april 7

The April 7 election for Monona City Council will see at least one new face.

Four candidates, including two incumbents, are campaigning for three open seats on the council.

Incumbents Molly Grupe and Jennifer Kuhr are joined on the ballot by Chris Henderson and Kristie Schilling.

All four were asked a series of questions about their backgrounds and beliefs on select issues.

What is your education background?

Grupe: She earned a bachelor of arts degree from St. Olaf College in 2005, and a master of science degree in communicative disorders from UW-Madison in 2011.

Henderson: I have a bachelor of arts in history from Lawrence University and an MBA from Georgetown University. I am also a proud graduate of MG High School.

Kuhr: I have a bachelor’s degree in political science and public administration.

Schilling: I graduated in 1998 with a bachelor of arts in geography and a bachelor of arts in conservation biology from UW-Madison. I also have a minor in fine art.

What is your occupation?

Grupe: She is an early childhood speech-language pathologist in the Waunakee Community School District.

Henderson: I am a partner and managing director at M3 Insurance Solutions Inc.

Kuhr: I am a research administrator at the University of Wisconsin-Madison.

Schilling: I’m a consultant in the tourism industry for chambers of commerce, and I do business development with Momentum Art Tech, the company responsible for putting up the murals throughout the city.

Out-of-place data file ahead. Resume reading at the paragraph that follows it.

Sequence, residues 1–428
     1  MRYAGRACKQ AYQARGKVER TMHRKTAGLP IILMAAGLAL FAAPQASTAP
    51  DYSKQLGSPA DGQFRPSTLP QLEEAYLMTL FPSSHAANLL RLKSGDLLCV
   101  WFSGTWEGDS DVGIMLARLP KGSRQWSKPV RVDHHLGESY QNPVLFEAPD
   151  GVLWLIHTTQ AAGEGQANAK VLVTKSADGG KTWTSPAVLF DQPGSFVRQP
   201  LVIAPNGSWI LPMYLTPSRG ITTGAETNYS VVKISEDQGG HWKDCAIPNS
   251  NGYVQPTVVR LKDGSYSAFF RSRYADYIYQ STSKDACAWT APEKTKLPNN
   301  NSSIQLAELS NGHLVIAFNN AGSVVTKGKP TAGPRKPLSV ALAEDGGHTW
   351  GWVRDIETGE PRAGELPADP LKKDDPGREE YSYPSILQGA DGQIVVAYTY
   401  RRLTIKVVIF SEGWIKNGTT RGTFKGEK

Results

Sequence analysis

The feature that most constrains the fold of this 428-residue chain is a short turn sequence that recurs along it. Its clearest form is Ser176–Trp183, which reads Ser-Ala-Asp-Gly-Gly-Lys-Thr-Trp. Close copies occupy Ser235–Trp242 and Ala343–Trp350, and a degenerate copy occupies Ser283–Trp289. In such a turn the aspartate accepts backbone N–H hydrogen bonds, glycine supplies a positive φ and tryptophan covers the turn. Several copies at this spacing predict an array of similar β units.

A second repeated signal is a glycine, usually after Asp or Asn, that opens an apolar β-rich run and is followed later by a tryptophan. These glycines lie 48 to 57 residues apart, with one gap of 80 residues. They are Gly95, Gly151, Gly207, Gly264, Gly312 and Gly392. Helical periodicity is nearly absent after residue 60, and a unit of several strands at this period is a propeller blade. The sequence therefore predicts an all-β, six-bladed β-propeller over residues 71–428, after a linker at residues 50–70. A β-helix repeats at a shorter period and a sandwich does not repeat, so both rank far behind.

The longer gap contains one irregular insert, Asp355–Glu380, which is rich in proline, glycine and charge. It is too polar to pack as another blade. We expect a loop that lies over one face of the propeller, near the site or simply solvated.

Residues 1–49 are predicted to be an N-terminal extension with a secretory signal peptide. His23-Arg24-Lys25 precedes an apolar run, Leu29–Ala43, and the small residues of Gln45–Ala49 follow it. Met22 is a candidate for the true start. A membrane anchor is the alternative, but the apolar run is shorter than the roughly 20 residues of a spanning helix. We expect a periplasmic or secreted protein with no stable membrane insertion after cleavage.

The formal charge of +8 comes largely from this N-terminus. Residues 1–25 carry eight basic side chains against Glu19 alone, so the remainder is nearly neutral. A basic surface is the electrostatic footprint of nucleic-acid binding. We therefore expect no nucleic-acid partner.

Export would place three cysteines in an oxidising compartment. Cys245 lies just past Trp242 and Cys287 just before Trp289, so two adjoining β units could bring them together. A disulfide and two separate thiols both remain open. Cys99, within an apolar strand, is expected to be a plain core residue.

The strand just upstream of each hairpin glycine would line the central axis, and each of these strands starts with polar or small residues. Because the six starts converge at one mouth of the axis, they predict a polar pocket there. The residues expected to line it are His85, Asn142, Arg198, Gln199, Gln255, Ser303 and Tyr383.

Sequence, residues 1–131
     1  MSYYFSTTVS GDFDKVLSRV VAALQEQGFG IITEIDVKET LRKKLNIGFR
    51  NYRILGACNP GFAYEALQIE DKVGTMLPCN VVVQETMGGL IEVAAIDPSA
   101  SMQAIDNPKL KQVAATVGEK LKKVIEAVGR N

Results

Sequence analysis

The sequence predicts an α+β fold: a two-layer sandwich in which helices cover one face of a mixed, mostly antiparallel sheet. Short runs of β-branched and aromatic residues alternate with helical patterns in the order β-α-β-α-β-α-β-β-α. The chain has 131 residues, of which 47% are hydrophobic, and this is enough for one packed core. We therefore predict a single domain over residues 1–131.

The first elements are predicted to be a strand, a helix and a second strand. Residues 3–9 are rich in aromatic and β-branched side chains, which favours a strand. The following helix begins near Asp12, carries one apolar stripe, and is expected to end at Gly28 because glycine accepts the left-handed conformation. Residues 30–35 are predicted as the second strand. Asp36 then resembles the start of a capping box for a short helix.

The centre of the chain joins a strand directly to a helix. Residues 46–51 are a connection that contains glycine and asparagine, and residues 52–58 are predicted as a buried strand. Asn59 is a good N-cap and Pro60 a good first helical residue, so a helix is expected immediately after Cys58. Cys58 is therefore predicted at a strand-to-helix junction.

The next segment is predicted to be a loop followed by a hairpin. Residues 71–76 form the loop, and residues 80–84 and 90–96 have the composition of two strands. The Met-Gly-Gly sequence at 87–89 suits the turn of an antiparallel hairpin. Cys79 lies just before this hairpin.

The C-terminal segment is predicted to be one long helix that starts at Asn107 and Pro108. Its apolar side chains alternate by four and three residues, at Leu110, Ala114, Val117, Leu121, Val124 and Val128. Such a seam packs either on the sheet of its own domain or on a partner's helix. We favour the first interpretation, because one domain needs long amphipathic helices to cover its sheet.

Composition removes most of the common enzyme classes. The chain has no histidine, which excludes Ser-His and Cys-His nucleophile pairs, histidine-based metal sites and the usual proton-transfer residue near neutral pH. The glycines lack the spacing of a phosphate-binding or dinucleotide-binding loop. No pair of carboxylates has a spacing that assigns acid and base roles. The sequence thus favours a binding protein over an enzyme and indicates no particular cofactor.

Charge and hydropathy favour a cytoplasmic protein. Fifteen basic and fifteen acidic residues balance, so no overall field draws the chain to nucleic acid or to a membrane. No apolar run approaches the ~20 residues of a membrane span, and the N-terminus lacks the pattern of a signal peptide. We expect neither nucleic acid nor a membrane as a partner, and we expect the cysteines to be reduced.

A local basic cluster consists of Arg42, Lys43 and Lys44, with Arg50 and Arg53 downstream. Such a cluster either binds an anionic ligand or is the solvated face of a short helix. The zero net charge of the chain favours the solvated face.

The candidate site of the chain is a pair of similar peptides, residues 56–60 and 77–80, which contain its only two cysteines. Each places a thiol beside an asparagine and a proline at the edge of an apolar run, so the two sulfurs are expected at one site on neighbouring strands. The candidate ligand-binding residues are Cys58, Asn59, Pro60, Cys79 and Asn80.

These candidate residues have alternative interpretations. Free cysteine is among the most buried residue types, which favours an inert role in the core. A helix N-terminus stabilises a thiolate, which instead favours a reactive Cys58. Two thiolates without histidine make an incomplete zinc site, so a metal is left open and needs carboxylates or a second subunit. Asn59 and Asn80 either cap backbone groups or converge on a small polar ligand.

How do your education and occupation backgrounds qualify you for this position?

Grupe: My previous work on the council and as a leader in my teachers association, community garden network, and on various boards and committees has involved a great deal of community organizing, partnership building, and collaborative problem solving. I am a skilled and creative networker, and know how and where to access my resources to achieve positive outcomes for my personal and professional communities.

Henderson: I have spent my career in business building and leading teams. As such, I will bring a common sense and “get it done” approach to the city council. At the same time, I am active in the community through coaching youth hockey and serving in leadership positions on a number of nonprofit boards, including the Clean Lakes Alliance.

Kuhr: With degrees in political science and public administration, I have always had an interest in local government. I have worked in higher education for nearly 20 years, spending the last 11 in research administration. Working in a university setting is very similar to the pace of local government. I rely on the skills I have learned working in a state-run institution to get things done for the people of Monona.